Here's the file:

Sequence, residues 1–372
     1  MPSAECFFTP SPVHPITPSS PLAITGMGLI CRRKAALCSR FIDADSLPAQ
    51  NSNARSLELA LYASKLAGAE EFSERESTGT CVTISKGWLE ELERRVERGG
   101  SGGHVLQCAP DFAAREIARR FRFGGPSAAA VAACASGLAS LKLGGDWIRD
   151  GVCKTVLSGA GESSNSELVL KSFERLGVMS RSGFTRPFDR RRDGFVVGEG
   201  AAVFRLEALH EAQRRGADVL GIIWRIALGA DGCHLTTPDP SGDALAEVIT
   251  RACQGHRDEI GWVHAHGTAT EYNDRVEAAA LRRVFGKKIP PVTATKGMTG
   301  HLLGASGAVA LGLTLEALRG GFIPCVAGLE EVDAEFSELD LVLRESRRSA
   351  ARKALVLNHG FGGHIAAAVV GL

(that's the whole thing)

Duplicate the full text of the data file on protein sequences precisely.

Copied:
Sequence, residues 1–372
     1  MPSAECFFTP SPVHPITPSS PLAITGMGLI CRRKAALCSR FIDADSLPAQ
    51  NSNARSLELA LYASKLAGAE EFSERESTGT CVTISKGWLE ELERRVERGG
   101  SGGHVLQCAP DFAAREIARR FRFGGPSAAA VAACASGLAS LKLGGDWIRD
   151  GVCKTVLSGA GESSNSELVL KSFERLGVMS RSGFTRPFDR RRDGFVVGEG
   201  AAVFRLEALH EAQRRGADVL GIIWRIALGA DGCHLTTPDP SGDALAEVIT
   251  RACQGHRDEI GWVHAHGTAT EYNDRVEAAA LRRVFGKKIP PVTATKGMTG
   301  HLLGASGAVA LGLTLEALRG GFIPCVAGLE EVDAEFSELD LVLRESRRSA
   351  ARKALVLNHG FGGHIAAAVV GL